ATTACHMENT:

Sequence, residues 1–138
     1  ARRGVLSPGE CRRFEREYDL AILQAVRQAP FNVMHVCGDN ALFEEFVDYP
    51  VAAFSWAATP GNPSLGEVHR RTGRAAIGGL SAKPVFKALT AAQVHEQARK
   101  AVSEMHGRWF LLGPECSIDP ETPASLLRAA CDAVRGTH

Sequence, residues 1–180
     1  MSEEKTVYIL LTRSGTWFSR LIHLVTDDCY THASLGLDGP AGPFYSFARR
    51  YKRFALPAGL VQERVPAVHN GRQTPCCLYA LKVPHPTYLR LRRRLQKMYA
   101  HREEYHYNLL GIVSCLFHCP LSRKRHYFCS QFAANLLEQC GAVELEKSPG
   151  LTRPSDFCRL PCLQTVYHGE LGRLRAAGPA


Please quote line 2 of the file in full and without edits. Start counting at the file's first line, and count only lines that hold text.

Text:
     1  ARRGVLSPGE CRRFEREYDL AILQAVRQAP FNVMHVCGDN ALFEEFVDYP